Keep an eye on disease

Keep an eye on disease in cereal crops

Cropping
Agriculture Victoria senior plant pathologist Grant Hollaway.

Agriculture Victoria senior plant pathologist Grant Hollaway.

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It may be dry for many but there is still a threat of plant disease in cereal crops.

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THE YEAR may be on the dry side for many but a plant pathologist has said farmers still cannot afford to take their eyes off the ball in regards to plant disease in cereal crops.

Speaking at Birchip Cropping Group's main field day in Victoria earlier in the month Agriculture Victoria senior plant pathologist Grant Hollaway said diseases like yellow leaf spot in wheat could still create yield loss in crops with reasonable yield potential this year.

"In particular you look at varieties with poor resistance to the disease such as Yitpi and you are looking at 15-20 per cent yield loss in high yielding environments so you need to be aware of this when making your planting decisions."

Dr Hollaway said moving forward farmers could minimise their risk by choosing varieties with good disease resistance and doing paddock testing to look at disease inoculum levels prior to planting.

He said testing could identify warning signs for a number of diseases.

"A Predicta B test where you can look at inoculum levels for a number of diseases can help with paddock selection," Dr Hollaway said.

He said farmers should look to plant resistant varieties where possible and if they were looking at planting a more susceptible line make sure it was planted in a paddock with a low disease load.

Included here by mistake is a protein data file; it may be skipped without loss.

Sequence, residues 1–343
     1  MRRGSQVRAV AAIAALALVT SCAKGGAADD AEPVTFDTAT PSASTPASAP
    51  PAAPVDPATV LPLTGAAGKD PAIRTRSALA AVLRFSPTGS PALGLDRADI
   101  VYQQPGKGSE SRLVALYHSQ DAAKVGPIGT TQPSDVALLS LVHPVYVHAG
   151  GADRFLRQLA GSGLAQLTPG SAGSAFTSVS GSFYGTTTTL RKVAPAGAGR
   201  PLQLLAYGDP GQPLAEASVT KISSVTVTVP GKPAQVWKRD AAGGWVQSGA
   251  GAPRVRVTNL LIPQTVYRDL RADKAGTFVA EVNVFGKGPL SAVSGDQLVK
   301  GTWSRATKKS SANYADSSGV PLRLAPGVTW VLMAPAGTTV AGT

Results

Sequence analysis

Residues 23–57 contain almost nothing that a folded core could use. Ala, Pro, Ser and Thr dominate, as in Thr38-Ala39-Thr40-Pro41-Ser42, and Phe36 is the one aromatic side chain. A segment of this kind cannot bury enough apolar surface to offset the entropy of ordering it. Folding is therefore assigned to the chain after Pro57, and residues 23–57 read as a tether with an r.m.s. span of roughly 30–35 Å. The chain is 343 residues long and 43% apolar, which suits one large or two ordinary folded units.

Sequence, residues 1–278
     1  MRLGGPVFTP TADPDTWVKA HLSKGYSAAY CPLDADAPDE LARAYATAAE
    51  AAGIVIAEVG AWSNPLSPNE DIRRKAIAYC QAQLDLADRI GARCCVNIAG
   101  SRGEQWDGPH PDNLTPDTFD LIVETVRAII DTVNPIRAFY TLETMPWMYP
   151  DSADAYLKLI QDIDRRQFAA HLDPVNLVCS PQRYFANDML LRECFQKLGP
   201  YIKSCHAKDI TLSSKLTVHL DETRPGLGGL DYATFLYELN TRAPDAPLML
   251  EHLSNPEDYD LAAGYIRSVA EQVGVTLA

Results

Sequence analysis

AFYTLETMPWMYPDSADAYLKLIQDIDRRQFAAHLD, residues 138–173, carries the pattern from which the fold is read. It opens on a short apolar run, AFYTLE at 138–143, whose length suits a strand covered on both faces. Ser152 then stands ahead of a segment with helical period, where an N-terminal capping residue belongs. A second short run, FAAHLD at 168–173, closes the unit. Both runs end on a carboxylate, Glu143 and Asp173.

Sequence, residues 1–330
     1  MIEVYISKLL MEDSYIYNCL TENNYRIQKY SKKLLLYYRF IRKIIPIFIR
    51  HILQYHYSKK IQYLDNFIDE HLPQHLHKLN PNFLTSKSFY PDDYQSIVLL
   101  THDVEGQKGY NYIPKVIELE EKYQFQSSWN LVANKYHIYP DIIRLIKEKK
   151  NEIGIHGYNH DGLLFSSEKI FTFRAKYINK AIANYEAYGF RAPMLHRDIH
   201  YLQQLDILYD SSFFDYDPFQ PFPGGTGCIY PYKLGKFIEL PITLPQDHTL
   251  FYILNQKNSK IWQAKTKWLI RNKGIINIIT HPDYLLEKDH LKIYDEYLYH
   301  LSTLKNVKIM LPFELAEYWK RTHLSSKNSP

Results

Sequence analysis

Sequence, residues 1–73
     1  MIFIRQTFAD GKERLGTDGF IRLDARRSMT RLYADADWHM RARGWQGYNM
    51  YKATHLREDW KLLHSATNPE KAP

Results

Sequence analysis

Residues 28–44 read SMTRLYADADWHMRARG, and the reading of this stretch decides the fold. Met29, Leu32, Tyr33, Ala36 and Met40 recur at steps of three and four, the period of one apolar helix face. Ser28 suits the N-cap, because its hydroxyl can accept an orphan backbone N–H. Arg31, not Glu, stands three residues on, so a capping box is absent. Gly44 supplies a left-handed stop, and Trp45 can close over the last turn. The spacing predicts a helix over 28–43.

In terms of emerging disease problems, Dr Hollaway said Septoria tritici blight, traditionally only a problem in high rainfall zones, was steadily making its way north and was showing worrying signs of fungicide resistance.

"It is what happens when you see 15-20 years where a disease is being treated with basically the same mode of action."

"The disease has a very long presentation period so our advice is to get down low in the canopy to check for it, it may be something some areas that haven't had to manage will now have to look at."

The oat disease red leather leaf is also something researchers are monitoring, especially given the resurgence in oat plantings in recent years.

Dr Hollaway said there had also been reports of unidentified yellowing of wheat plants.

He said at this stage it was thought it was just a physiological reaction to the season and the cold start to spring.

"It has been cold with showers and frost in recent weeks and some leaves have yellowed as a result, obviously there would be no response to a fungicide application on plants with these symptoms."

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